Now here's a tale of woe and regret. Asheron's Call was one of the most beloved of the first generation of 3-D MMORPGs, and a sequel sort of made sense. I mean, look at the picture up there -- the game looked really, really good for 2002! I don't blame Turbine fans for being eager to see their favorite franchise expand with epic, ongoing story arcs.
Pretty graphics and a small yet faithful community aside, Asheron's Call 2 never pulled in the playerbase that the first did, and Turbine was forced to pull the plug after three years. Its closing in 2005 remains one of the watershed moments of MMO history, while classic Asheron's Call is still trucking along, another six years after that.
I've always thought that EverQuest Online Adventures was an MMO that I dreamed up, even though I've confirmed its actual existence on several post-nap occasions. You can't blame me -- it's not as though SOE's really stood behind this odd sequel/prequel/spin-off title. I get the impression the company is sort of embarrassed that it exists.
In any case, EQOA is one of the very few MMOs available for the PlayStation 2. It takes place 500 years before the events of EverQuest, when the character models were even more blocky and laggy.
Allegedly there are people still playing this, but have you ever met any of them? I think they're an urban legend, like Bigfoot and Polybius.
OK, yes, this one is also technically a prequel, but I never promised you a list of all sequels, did I? DO NOT SCROLL BACK UP, AS THAT WILL INVALIDATE THE QUESTION. Anyway, Vindictus is a spin-off of sorts from Maginobi. In fact, outside of North America and Europe it's known as Maginobi Heroes, but Nexon wanted to distance the bloodier hack-'n'-slash Vindictus with its cute-and-cuddly parent.
Still! Sequel! That's my story and I'm sticking to it!
Talk about confusing: The version of the game that RuneScape players enjoy today is actually a sequel (of sorts). The original RuneScape came out in 2001, but Jagex decided to completely retool the game to create a whole new version that was called -- in testing -- RuneScape 2. Once it walked through the doors of release, RuneScape 2 became RuneScape, RuneScape became RuneScape Classic, and RuneScape Classic became New Coke.
Many of these smaller 8-bit Asian MMOs are notorious for being churned out of the clone factory faster than most of us can hit level 10, so I guess it's no surprise that The Legend of Mir has not one but two operating sequels. Because... why not?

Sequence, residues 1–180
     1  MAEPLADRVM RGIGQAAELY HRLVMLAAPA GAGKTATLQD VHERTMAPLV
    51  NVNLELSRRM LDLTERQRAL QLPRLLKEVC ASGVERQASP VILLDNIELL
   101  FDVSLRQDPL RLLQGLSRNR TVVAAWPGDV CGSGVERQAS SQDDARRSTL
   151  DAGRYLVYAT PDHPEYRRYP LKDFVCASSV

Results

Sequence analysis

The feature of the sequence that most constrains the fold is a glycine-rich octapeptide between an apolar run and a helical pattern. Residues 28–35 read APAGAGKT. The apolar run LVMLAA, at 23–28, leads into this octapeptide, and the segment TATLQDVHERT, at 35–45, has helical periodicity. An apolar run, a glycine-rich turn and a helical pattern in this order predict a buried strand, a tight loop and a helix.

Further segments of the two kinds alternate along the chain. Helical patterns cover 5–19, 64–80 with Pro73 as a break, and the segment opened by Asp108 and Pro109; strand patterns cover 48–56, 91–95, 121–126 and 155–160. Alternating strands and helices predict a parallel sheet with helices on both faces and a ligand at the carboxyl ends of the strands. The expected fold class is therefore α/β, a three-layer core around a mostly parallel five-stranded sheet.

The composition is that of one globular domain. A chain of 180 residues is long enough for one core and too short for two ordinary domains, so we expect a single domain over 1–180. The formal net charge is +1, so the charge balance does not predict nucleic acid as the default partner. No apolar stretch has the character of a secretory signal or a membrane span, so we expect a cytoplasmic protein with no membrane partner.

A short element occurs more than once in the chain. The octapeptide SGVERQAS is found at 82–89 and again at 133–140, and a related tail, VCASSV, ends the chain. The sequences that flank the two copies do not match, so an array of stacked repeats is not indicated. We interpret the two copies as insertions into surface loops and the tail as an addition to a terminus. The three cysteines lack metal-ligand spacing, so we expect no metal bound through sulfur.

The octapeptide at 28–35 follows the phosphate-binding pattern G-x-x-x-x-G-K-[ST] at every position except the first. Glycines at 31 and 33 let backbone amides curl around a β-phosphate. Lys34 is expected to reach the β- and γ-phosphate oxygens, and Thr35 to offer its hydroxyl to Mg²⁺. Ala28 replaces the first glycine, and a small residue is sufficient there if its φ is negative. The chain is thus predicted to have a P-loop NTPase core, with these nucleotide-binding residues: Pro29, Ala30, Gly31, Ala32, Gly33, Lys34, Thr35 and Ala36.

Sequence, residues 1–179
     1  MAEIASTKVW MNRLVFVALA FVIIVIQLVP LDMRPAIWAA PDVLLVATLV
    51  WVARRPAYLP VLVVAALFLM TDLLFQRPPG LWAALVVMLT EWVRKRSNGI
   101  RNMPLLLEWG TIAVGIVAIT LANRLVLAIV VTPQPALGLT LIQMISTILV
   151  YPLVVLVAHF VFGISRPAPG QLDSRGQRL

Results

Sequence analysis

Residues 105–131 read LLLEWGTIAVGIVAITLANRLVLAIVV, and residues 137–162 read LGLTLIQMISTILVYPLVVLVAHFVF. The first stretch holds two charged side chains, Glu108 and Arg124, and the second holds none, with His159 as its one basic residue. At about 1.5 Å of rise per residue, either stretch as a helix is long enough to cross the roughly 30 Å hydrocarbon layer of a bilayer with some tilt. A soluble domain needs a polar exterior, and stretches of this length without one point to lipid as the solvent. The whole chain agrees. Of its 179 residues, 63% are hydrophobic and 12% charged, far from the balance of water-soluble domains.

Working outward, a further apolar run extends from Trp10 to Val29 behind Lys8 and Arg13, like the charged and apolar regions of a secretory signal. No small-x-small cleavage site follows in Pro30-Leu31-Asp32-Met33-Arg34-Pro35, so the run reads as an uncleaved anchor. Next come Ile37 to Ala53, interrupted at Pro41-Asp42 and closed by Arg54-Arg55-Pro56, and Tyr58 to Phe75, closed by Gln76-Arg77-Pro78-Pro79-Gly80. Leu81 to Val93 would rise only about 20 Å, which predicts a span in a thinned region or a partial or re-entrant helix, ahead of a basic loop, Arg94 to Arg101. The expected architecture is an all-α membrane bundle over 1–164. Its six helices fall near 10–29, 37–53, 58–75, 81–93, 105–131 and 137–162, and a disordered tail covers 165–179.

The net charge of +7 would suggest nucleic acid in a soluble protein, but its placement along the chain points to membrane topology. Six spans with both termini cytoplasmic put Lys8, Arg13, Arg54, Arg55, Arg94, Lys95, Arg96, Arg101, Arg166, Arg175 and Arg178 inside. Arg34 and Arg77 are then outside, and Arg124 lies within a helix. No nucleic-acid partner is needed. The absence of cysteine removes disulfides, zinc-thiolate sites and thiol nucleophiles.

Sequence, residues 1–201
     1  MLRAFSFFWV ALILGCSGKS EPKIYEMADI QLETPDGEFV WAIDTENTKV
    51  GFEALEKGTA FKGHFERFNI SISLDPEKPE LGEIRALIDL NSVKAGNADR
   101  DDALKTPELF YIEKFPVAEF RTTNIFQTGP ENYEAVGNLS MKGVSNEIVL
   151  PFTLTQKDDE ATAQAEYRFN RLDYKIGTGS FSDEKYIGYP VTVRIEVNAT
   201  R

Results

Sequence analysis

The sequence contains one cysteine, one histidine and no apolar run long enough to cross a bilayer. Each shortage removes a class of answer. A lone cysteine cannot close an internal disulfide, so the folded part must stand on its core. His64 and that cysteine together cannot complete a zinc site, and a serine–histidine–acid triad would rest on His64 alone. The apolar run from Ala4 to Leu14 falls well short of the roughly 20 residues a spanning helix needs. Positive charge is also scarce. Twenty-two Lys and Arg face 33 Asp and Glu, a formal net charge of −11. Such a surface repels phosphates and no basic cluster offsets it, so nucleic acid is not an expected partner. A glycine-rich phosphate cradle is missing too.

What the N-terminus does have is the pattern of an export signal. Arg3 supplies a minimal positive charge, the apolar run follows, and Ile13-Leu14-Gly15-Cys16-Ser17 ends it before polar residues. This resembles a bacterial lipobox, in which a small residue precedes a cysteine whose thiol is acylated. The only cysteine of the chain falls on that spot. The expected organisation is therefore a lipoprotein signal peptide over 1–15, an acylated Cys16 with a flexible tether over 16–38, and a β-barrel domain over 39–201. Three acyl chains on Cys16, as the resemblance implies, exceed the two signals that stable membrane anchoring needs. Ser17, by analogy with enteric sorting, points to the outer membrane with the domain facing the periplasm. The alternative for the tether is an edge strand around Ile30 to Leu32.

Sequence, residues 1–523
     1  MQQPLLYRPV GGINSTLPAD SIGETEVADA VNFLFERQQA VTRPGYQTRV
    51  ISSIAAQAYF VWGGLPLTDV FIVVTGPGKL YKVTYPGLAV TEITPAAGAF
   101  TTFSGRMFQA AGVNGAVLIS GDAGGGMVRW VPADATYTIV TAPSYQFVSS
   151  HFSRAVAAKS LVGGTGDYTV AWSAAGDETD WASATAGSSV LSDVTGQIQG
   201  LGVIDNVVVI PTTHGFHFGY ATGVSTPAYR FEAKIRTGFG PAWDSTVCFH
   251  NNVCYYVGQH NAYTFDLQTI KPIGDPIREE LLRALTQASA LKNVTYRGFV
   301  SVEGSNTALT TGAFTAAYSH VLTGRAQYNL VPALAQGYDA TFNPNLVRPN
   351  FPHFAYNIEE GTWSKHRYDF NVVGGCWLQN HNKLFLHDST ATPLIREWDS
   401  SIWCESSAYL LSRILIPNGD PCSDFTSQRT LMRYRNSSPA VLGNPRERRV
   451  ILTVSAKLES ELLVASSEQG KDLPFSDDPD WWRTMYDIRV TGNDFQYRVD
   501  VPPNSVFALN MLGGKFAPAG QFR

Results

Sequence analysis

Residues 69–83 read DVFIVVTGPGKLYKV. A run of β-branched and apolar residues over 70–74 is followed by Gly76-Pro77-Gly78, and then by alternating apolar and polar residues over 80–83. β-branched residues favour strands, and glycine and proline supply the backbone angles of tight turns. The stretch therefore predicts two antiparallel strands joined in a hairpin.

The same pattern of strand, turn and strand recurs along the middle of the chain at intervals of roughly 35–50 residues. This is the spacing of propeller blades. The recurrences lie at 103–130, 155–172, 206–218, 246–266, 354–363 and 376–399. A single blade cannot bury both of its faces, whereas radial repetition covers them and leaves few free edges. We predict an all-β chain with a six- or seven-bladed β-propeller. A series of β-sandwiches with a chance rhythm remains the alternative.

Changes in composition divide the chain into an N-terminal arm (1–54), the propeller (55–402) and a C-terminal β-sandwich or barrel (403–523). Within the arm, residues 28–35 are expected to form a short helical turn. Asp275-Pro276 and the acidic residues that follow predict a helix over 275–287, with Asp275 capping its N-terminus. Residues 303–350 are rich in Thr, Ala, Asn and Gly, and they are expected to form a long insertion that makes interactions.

Also, did you think I was kidding about the 8-bit thing? Legend of Mir 2 actually has 8-bit graphics, although Legend of Mir 3 made the leap to 16-bit. Even so, don't let the archaic graphics fool you: These games host hordes of players that most of our AAA MMOs wish they had.
I'll be honest, it wasn't an easy task to get to 10 titles without having to fudge some of my self-made rules. As a result, there were quite a few on-the-fence MMOs that we debated back and forth in the Massively office that weren't exact fits... but they deserved a mention anyway.
We had Sword 2, which sounds like a sequel until you really look at it and realize it's just a retitled Sword of the New World. If we allowed MMO sequels to non-MMO titles, then Allods Online, World of Warcraft and Ultima Online get put into play. Then there are the stand-alone clients of City of Villains, Guild Wars: Factions, and Guild Wars: Nightfall, which aren't strictly sequels or expansions but aren't the original games either.
Give me another year or so and I think we won't have any problem getting this list up to 20. As for now, I'm going to go watch Troll 2, which neither is a sequel nor has trolls.
Justin "Syp" Olivetti enjoys counting up to ten, a feat that he considers the apex of his career. If you'd like to learn how to count as well, check out The Perfect Ten. You can contact him via email at firstname.lastname@example.org or through his gaming blog, Bio Break.
- Key specs
- Reviews • 75
- Game format Optical disc
- Drive capacity 40 GB
- Controller type Wired
- Motion controls Camera / optical
- Video outputs RCA / composite
- Backward compatible 1 generations
- Dimensions 3.07 x 11.85 x 182 in